Cardinal Joseph Ratzinger, a respected theologian and one of John Paul II's most trusted advisors, was appointed the Catholic Church's 265th pope. Benedict XVI, as he is now called, represents for many in the Church an attempt to restore conservative values and traditions. For others, especially those critical of the Church's standing on issues such as AIDS, women and gay marriage, the new pope reflects a turning-away from the needs and interests of a modern society.
DW-WORLD takes a look at the new pope's background, the first to come from Germany in 500 years, his rise through the Catholic Church, the issues he stands for and the criticism surrounding him.
Berlin has unveiled a memorial for victims of what the Nazis called "euthanasia," a program exterminating people deemed "unworthy of life." DW discussed the memorial with disabled politician Andreas Jürgens.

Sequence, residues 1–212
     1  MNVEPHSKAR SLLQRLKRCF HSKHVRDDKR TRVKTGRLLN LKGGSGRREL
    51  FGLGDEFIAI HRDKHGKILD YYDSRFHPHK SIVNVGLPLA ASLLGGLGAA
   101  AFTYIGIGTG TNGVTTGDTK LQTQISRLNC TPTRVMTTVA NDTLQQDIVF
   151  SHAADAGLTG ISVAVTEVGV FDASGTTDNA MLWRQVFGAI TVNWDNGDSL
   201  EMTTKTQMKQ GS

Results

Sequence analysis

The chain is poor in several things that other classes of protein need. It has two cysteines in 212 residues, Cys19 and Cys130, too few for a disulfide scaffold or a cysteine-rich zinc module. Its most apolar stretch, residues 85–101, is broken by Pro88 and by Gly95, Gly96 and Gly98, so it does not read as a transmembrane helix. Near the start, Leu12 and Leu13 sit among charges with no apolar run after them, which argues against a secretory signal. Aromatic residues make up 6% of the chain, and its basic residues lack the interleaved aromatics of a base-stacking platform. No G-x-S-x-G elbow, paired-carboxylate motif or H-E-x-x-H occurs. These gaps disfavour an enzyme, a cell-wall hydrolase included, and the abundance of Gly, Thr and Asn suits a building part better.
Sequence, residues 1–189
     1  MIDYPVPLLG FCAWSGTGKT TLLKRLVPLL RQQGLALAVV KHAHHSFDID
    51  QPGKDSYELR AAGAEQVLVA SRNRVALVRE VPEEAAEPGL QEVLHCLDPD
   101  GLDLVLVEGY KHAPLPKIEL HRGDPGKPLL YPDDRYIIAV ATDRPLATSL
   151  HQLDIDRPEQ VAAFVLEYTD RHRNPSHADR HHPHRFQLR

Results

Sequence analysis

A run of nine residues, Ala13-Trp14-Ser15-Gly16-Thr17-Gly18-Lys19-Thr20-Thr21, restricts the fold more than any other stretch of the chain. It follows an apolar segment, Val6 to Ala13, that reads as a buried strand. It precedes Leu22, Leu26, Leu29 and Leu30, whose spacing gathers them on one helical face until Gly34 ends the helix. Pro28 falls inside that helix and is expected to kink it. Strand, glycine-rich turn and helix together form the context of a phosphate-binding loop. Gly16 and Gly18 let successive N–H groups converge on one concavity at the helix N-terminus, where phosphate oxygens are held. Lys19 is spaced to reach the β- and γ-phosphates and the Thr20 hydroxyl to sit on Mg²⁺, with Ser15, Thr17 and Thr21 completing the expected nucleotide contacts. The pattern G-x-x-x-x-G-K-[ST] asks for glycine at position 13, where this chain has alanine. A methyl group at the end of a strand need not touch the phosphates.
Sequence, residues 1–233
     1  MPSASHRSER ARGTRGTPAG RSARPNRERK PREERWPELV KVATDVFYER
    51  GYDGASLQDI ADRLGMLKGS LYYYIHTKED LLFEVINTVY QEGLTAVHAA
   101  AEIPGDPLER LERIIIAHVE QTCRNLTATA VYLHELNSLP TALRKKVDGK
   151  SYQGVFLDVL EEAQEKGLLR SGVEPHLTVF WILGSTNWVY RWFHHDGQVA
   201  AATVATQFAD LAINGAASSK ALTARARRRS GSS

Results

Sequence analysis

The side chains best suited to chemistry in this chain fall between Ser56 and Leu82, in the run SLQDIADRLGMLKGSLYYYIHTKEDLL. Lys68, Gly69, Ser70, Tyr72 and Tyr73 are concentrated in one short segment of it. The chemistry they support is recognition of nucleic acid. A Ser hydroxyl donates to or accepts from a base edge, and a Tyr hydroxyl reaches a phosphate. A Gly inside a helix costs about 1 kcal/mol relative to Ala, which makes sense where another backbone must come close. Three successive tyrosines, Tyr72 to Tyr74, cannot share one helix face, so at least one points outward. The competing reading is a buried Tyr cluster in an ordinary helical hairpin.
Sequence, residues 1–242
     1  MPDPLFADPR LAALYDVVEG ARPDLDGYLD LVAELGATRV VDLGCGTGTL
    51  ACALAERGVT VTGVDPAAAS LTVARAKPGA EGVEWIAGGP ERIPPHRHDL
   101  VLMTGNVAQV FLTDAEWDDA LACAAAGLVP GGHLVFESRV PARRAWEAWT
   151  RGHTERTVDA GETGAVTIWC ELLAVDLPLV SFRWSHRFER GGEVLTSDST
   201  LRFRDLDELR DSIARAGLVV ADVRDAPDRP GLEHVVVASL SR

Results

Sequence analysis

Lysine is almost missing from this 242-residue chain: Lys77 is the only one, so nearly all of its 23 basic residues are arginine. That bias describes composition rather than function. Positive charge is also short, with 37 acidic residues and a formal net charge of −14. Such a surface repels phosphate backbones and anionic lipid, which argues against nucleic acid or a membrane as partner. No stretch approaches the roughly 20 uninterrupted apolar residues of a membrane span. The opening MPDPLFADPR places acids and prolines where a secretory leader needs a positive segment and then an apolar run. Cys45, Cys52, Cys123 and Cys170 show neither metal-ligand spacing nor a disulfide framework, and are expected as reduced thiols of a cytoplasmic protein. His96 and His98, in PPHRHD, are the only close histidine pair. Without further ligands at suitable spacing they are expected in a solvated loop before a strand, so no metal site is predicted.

This week, children across the United Kingdom return to school. Some experts are concerned that UK schools are becoming the breeding ground for Islamic extremism and want a clear focus on "British values."
Ten years ago a bridge created a link connecting the formerly divided town of Görlitz on the German side and Zgorzelec on the Polish side. Tourists flock to Görlitz but not really to Zgorzelec. We wanted to know why.
It was a cultural catastrophe: 10 years ago, Weimar's Anna Amalia Library caught fire. Director Michael Knoche tells DW about rescuing books with his bare hands and why a valuable Copernicus work only recently turned up.